About 73 percent of poultry samples came back positive for H5N1 virus in the central province of Quang Nam, reported an official from the Ministry of Agriculture and Rural Development on Friday.
Hoang Van Nam, deputy head of the ministry’s Animal Health Department said the result had put the central region on red alert for bird flu outbreaks.
The seasonal migration of birds and cool weather create a ripe environment for the virus to spread, especially as H5N1 has already been found in poultry, Nam warned.
To date the disease has spread to 10 communes in six districts in three Mekong Delta provinces namely Bac Lieu, Ca Mau and Hau Giang.
Hau Giang’s animal health department said they had quarantined and sterilized infected sites to isolate the outbreak.
Within the last several days in Bac Lieu, relevant agencies had slaughtered thousands of poultry and inoculated another 170,000 fowl.
In Ca Mau and Soc Trang, six people were isolated with bird flu symptoms after eating chicken, and local health centers had taken their samples for tests.
Ho Chi Minh City’s market control bureau said illegal poultry trade and transport had increased considerably with 106 cases, more than three-fold those from last week.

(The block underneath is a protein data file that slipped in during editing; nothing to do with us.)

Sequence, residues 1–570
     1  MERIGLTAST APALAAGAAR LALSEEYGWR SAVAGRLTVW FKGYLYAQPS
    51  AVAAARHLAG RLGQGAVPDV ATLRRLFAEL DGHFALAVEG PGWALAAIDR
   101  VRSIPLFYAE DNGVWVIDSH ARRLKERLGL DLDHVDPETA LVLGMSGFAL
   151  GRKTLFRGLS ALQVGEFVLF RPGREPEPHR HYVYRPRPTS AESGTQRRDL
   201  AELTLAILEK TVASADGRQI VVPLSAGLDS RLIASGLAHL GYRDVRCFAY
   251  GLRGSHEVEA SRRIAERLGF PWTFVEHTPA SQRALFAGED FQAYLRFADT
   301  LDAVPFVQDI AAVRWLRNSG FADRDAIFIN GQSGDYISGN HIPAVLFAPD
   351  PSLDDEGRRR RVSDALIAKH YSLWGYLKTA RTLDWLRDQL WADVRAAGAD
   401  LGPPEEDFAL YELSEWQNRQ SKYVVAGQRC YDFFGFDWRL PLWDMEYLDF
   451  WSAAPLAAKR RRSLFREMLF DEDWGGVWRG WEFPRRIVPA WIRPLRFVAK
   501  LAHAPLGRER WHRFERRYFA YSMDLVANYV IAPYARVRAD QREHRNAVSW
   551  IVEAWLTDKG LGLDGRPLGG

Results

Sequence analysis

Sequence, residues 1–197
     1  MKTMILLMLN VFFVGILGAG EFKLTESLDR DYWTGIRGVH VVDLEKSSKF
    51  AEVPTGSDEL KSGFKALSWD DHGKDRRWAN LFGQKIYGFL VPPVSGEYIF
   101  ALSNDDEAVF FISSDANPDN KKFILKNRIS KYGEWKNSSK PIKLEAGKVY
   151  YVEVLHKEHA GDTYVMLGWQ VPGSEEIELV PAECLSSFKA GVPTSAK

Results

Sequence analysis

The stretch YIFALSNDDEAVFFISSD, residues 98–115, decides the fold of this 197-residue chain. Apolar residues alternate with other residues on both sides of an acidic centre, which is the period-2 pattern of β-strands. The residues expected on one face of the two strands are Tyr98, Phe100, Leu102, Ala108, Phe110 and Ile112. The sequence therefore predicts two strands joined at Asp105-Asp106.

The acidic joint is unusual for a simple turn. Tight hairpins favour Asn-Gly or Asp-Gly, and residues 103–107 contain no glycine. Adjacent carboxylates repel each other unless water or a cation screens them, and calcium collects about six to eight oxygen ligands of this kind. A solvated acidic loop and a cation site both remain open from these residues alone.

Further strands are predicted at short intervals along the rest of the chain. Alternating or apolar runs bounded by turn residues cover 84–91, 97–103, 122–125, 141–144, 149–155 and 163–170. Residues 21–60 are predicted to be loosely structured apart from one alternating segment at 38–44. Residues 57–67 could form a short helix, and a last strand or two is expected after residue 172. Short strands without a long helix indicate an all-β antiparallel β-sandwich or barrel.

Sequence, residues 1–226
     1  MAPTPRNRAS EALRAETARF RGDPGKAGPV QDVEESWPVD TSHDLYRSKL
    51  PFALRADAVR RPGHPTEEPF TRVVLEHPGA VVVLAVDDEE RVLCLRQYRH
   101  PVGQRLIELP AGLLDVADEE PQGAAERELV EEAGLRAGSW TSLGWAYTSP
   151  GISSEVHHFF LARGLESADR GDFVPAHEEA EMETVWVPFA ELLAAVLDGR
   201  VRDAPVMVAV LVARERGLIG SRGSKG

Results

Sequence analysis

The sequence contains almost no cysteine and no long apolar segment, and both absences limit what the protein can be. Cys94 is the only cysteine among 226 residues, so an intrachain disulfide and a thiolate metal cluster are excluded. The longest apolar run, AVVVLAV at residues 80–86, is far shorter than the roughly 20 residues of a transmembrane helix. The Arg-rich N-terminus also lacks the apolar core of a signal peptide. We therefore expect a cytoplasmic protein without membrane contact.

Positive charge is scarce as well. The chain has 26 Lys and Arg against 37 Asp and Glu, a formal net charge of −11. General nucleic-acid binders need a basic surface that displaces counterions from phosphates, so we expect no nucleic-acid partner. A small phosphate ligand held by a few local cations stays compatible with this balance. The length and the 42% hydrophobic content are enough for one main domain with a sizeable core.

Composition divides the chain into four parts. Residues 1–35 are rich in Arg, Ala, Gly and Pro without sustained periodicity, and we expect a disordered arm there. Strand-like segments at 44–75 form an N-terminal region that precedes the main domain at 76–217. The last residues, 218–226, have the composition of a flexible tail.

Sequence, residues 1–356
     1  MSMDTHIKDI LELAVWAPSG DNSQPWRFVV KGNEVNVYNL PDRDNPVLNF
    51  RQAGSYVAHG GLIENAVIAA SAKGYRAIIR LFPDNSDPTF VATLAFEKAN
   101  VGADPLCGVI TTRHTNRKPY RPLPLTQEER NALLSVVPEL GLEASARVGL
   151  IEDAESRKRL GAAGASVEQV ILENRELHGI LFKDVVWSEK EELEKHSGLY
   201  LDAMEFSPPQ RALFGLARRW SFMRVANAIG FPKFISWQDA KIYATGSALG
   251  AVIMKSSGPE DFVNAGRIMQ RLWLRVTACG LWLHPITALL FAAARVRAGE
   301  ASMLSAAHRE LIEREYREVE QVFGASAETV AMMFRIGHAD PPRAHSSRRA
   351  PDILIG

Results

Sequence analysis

In the northern province of Lang Son, poultry trafficking from China was exploding with hundreds of tons of fowl illegally transported into Vietnam daily, which local authorities could not fully control.
Officials said poultry smuggling flared up because domestic fowl prices were rising while smuggled fowl from China was much cheaper.
They added smugglers could benefit substantially from their business, especially in months ahead of the Lunar New Year holiday when fowl demand peaks.
Prime Minister Nguyen Tan Dung assigned 11 relevant ministers to be heads of bird flu control task forces in regions nationwide.
Tran Thi Trung Chien, Health Minister launched Friday a nationwide campaign for January, urging people to sanitize the environment, especially in poultry breeding farms to control the outbreak.
Under the campaign, localities were guided to keep surveillance on poultry trade and transport, especially at border check points.
Local health centers were ordered to prepare medicines for the fight against avian influenza in humans in the event of an outbreak and increase food hygiene inspections.
Since the virus first arrived in Vietnam in late 2003, it has killed 42 of the 93 people infected, second only to Indonesia's 57, according to the World Health Organization (WHO).
WHO said the influenza had killed more than 150 people worldwide since late 2003, and prompted the slaughter of tens of millions of poultry.Source: Thanh Nien